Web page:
General Motors may return to Facebook
The automaker decided just last May to pull its paid advertising from the social network. That didn't last long.
Reports surfaced in Detroit Tuesday that indicate General Motors (GM) may return to Facebook (FB) as a paid advertiser. This comes after a well-publicized rift in which the automaker said it wasn't getting enough of a return from its Facebook presence.
The new relationship could become a huge asset to GM's marketing segment, since Facebook has proved successful for other automakers in the past.
GM decided to place its $10 million Facebook ad budget on hold in May as Facebook was headed to its initial public offering. While the move did not necessarily cause irreparable damage, it was a high-profile blow that dampened enthusiasm for the social network's IPO.
Facebook advertising is a highly competitive and expensive promotional tool, but one that many large-cap companies have grown fond of. Ford (F) and Coca-Cola (KO), for example, are leading businesses that dish out millions of dollars annually to ensure that their brands are being touted on perhaps the world's most notorious, traffic-heavy site.
According to the Detroit News, GM has not yet made a firm decision to return to the platform that its competitors find useful.
GM CEO Daniel Akerson has talked with Facebook chief operating officer Sheryl Sandberg about a possible return, The Detroit News reported Tuesday. But "GM has made no decisions, and wants more evidence that paid advertising on Facebook is effective," the newspaper added.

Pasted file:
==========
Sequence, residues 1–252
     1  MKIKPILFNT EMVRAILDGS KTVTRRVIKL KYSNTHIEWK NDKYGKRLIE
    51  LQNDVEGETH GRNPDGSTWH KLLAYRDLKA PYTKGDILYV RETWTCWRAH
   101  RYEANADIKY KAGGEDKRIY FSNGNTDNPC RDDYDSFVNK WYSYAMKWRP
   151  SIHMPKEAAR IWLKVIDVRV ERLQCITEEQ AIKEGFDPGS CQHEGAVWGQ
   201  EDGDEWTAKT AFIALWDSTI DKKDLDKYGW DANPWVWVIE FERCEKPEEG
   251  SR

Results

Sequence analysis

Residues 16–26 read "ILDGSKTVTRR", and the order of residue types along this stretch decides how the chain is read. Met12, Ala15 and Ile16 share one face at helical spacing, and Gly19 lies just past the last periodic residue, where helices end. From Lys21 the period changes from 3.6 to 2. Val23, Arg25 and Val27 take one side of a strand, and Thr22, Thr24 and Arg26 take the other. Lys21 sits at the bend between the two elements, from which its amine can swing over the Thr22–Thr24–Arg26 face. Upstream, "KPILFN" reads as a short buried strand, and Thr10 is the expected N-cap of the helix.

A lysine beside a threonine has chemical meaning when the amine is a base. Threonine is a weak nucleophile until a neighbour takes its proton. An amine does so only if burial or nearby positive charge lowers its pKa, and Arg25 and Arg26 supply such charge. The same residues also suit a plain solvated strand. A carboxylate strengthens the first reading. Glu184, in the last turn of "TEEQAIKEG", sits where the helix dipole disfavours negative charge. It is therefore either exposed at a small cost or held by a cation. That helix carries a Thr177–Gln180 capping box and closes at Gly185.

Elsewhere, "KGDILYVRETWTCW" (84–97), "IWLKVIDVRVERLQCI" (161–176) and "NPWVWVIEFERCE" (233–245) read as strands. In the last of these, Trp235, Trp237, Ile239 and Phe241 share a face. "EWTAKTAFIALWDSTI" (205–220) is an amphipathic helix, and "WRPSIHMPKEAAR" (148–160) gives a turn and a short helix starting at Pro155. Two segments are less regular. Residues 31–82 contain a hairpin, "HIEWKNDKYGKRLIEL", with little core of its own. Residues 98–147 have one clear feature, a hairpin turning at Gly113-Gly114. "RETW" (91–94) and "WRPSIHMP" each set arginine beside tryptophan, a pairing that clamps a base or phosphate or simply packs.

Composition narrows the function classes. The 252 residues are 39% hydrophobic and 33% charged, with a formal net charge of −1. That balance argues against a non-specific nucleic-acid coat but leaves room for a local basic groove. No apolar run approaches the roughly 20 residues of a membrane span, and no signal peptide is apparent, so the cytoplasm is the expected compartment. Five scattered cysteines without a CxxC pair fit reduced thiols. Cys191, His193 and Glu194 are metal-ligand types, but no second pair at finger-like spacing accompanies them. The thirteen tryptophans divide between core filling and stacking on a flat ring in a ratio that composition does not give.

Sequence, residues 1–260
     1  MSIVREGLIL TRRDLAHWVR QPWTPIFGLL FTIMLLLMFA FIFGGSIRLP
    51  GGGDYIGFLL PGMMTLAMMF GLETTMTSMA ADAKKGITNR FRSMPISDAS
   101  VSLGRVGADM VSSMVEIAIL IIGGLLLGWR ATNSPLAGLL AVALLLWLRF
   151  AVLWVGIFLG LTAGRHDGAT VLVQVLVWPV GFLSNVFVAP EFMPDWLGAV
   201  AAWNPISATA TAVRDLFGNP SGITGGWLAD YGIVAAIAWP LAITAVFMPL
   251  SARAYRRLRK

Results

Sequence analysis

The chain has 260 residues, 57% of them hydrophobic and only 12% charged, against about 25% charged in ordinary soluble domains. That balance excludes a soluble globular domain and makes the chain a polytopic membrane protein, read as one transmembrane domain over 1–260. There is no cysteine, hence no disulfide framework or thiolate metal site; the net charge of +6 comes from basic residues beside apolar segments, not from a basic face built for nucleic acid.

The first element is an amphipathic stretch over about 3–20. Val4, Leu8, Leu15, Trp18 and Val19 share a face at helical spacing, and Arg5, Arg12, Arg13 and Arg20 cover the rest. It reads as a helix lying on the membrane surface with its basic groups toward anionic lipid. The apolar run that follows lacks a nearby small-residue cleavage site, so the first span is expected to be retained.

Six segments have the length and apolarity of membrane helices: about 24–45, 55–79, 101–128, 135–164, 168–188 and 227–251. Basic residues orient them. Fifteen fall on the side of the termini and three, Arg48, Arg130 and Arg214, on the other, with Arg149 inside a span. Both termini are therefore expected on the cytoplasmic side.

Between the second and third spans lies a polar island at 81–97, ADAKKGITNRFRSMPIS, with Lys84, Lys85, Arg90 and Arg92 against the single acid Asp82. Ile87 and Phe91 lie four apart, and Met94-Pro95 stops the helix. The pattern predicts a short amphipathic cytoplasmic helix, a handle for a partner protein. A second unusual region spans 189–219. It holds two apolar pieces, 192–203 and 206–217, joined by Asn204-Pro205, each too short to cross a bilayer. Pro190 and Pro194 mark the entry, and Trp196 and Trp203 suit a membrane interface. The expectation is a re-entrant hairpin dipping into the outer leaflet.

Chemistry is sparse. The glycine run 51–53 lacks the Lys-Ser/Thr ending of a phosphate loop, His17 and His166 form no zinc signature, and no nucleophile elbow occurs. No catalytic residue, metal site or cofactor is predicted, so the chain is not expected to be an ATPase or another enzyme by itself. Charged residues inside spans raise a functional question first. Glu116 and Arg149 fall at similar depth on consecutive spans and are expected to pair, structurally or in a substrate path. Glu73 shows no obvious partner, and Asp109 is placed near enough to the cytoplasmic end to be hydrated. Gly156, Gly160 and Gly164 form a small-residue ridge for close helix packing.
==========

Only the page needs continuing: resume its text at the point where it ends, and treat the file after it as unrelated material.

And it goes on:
GM recently sliced its advertising budget by 16.1%, which may have something to do with its Facebook hiatus.
The company has been experiencing some financial turbulence as of late, although it reported very strong June U.S. sales numbers Tuesday. Bank of America recently lowered GM's price targets and estimates on softness abroad as international economic worries linger. Rivals such as Ford have had a particularly rough time in Europe lately.
As GM strives to regain its footing overseas, the infamous automaker will continue to discuss a return to the world's largest social network. While the company once found that Facebook advertisements are fairly ineffective, it looks as though management is willing to explore its options and jump on the bandwagon once more.
General Motors closed Tuesday at $20.67, up almost 2% year-to-date.
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